Individuals surely have a range of food choices on your campus. Not everyone chooses to live long but miserable lives by excluisvely eating Vegan fare. What is poison to your body may be truly nutricious to others’. Genetics will play a key role in such differences.

    All universities that I visit make some space for fast food outlets. Now whether that should be one brand or another is a matter for judgment. But to ban them all, irrespective of student preferences reads to me like dictatorship.


    1. “But to ban them all, irrespective of student preferences reads to me like dictatorship.”

      – It was actually the student senate that proposed the non-renewal of the contract. Not renewing a contract is not the same as banning and should be allowed to everybody if that was part of the initial agreement.


    2. Choosing salad or vegetables over meat isn’t strictly vegan. It could easily just be vegetarian. I choose mostly vegetarian options on campus because I don’t trust the meat, but other people eat it. And that’s fine. But how does that make me miserable? Just because I like to eat meat that doesn’t look questionable? Because I really prefer cheese alone on my pizza, rather than pepperoni? It’s a matter of personal taste, not nutrition.

      How is taking steps to improve the quality of food a bad thing? Campus food in general isn’t going to be the best, but it could be a lot better than it is. Eliminating the main sources of deep-fried food goes a long way to do that. And deep-fried food actually doesn’t have a ton of nutrients at all. There are a lot of healthier, less costly alternatives to fast food outlets on campus. When any chain food outlet makes a contract with a university, the university must pay a part of the profit to that outlet. By terminating such a contract and introducing different choices which don’t rely on chain restaurants, a university gets to keep its profit.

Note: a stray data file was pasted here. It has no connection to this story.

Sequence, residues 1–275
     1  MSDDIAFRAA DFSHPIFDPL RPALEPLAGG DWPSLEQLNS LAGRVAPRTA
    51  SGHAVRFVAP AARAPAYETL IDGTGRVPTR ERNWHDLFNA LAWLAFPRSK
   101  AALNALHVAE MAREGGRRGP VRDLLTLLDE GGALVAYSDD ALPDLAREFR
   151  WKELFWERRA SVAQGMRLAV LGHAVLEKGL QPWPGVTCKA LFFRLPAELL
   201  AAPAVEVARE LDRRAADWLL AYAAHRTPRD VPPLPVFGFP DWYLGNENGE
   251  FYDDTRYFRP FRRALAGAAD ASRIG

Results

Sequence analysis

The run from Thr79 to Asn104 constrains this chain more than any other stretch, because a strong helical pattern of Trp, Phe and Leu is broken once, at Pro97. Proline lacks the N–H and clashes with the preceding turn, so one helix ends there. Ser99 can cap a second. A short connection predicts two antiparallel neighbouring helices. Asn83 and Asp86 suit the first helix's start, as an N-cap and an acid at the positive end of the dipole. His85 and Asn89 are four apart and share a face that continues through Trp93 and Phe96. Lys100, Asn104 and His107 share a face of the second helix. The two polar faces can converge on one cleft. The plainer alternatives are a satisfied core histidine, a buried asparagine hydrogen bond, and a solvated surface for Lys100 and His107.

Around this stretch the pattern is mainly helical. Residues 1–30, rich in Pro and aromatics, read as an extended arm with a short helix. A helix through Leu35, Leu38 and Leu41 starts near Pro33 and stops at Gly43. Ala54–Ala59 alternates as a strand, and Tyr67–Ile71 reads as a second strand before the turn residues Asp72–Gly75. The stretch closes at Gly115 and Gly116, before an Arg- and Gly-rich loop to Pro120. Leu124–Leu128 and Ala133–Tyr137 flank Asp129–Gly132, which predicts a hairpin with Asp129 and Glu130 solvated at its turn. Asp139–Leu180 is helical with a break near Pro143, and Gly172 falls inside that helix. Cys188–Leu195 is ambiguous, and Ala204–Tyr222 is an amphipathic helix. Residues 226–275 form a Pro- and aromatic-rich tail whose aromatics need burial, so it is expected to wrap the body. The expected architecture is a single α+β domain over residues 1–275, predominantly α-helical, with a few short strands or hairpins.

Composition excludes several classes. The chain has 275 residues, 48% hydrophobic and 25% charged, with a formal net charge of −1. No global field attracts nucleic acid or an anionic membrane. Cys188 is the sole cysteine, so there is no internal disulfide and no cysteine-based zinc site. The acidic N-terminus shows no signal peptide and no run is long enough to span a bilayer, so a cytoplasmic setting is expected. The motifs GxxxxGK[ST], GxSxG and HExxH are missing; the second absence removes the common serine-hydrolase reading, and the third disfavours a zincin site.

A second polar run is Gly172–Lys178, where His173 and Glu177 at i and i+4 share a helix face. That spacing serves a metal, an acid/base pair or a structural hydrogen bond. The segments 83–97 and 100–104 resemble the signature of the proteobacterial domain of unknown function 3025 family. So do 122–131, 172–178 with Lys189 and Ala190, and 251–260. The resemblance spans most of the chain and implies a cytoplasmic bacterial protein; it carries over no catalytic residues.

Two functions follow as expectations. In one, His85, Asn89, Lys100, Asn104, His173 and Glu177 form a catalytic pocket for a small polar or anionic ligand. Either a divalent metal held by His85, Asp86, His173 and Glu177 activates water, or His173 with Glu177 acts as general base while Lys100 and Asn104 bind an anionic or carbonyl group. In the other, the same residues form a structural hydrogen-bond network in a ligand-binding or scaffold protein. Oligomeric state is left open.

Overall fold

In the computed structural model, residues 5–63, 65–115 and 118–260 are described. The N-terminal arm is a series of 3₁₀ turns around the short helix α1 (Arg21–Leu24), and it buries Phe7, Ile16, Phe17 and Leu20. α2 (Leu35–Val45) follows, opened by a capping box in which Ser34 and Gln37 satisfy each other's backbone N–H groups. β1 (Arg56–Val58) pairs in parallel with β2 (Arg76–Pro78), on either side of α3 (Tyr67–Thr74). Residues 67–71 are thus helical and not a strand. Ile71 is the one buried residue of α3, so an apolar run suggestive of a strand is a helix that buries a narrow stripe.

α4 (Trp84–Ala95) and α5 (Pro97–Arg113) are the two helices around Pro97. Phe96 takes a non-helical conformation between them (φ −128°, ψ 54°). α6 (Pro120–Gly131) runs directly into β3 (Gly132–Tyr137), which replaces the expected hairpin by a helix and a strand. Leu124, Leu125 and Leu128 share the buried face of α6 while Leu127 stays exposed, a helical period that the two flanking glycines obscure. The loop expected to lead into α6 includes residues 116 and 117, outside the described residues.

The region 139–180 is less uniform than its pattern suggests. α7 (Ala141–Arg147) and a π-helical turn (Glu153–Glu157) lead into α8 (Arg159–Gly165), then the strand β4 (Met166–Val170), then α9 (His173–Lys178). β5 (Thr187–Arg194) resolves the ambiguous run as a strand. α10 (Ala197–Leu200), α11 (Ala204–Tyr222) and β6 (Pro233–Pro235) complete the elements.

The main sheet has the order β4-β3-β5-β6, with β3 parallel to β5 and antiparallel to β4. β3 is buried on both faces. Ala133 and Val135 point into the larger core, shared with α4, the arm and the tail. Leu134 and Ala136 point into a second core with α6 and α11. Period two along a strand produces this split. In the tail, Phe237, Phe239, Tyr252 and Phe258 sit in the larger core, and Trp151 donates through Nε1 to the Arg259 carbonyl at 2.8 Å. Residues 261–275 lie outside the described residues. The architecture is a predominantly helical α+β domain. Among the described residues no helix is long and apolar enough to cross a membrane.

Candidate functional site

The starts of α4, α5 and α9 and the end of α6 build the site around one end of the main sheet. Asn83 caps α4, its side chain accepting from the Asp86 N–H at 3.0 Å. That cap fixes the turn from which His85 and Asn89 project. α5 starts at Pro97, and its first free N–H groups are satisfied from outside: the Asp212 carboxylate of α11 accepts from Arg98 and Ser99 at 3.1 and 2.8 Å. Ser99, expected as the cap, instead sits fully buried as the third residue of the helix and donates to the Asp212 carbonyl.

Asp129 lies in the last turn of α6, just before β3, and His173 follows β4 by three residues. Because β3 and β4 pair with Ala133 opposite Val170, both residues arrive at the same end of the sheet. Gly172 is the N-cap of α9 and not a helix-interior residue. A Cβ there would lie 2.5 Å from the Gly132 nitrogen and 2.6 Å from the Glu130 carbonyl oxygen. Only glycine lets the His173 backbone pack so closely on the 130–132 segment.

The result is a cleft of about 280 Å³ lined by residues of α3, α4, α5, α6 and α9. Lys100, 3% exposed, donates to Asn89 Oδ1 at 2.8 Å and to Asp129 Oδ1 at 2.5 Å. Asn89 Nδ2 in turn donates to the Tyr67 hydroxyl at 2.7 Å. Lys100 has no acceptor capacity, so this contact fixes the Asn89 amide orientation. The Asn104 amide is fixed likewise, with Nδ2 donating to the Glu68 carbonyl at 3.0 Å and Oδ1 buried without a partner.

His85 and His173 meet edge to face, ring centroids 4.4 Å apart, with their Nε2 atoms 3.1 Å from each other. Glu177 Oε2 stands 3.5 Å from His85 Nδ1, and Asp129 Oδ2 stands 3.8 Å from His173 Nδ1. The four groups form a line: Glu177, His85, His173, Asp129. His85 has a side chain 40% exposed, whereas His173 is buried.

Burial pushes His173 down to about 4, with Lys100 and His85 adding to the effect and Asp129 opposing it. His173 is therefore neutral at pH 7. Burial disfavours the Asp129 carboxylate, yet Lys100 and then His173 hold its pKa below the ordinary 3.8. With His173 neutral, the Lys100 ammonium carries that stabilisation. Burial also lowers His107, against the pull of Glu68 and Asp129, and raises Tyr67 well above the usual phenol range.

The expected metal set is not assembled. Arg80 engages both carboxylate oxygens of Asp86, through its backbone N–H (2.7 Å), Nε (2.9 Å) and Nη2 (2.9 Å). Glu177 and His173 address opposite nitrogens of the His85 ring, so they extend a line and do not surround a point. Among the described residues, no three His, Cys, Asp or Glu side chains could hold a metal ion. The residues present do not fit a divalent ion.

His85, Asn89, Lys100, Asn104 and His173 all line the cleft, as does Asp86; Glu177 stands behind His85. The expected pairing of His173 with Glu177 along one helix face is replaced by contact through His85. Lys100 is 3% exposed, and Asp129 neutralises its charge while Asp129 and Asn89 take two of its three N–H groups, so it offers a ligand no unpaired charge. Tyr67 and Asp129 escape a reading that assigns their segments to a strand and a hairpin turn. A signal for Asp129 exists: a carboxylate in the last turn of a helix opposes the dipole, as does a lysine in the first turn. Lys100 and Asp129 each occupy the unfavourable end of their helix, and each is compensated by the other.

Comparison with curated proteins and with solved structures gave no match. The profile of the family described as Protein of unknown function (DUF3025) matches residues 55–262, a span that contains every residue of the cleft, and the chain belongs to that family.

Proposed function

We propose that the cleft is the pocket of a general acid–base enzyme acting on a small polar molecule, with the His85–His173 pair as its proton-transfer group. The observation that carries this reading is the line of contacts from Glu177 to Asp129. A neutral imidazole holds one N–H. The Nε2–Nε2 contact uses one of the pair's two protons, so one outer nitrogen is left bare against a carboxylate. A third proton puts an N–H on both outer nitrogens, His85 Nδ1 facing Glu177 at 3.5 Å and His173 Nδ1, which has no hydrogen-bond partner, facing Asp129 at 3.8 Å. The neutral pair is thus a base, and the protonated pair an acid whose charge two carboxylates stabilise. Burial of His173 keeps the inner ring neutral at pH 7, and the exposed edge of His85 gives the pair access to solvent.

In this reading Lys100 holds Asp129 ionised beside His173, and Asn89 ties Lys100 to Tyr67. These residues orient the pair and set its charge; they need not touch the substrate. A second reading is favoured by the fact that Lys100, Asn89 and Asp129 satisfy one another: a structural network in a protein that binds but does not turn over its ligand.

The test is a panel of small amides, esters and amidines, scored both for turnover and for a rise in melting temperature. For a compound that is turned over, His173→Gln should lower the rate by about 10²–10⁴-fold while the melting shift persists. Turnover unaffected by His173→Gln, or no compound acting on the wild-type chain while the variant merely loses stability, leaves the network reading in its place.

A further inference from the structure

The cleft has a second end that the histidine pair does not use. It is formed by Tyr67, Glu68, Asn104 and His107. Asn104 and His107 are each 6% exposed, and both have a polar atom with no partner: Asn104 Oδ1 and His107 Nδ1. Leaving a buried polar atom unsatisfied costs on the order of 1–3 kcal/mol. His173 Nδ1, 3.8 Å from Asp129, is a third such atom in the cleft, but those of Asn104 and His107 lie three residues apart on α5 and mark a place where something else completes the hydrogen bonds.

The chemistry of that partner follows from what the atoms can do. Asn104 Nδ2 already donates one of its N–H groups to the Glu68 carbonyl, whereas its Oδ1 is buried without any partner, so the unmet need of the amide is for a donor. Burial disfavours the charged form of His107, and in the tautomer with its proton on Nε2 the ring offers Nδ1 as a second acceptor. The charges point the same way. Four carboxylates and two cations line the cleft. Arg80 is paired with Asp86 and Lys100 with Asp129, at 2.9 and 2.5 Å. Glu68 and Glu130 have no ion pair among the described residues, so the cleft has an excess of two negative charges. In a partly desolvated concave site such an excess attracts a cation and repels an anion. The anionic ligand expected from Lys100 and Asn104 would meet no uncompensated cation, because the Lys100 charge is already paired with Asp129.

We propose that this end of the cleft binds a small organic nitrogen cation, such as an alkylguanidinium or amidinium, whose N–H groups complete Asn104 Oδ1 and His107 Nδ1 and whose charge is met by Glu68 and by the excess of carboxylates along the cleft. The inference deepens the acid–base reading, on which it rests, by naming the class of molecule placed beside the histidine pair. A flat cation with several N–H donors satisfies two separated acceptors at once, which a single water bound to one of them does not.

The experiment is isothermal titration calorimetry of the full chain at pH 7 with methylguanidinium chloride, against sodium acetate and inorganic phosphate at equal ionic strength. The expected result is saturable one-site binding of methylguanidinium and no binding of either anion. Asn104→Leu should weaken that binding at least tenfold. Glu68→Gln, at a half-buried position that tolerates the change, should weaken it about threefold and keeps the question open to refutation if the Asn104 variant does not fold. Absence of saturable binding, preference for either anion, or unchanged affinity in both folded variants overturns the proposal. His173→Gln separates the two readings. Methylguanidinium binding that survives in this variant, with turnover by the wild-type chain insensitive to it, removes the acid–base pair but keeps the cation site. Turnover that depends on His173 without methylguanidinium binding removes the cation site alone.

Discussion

I can get chicken on campus without going to a fast-food outlet. I can get really good burgers and fries. I can get just about anything they sell at a fast food outlet, and the university keeps its entire profit. When on-campus outlets close–for whatever reason–the school still listens to student preference. It just also has the benefit of a bigger profit. A bigger profit means better-quality food, whether it’s a better brand of beef for the burgers, or a fresh vegetable stand.


  3. The central issue is the nature of the contract between the university and Clarissaa’s alleged greasy spoon supplier. If the contract includes a unulateral escape clause, the university is free to terminate the contract. If not, then a breach of contact lawsuit no doubt will compensate the alleged grease spoon for loss of profits.

    If the university decides to eliminate all fast food outlets, and the students dislke this decision, then they are free to boycott the cafeteria and eat elsewhere, or through brown bag lunches. Soon enough, the university bureaucrats would then rush those fast food outlets back into the facility. For there is nothing that bureaucrats hate more than to see budget dollars move out of the reach of their own deep pockets .

    Whenever the choice comes down to that between principle and own-income, guess in which direction the bureaucrat will go!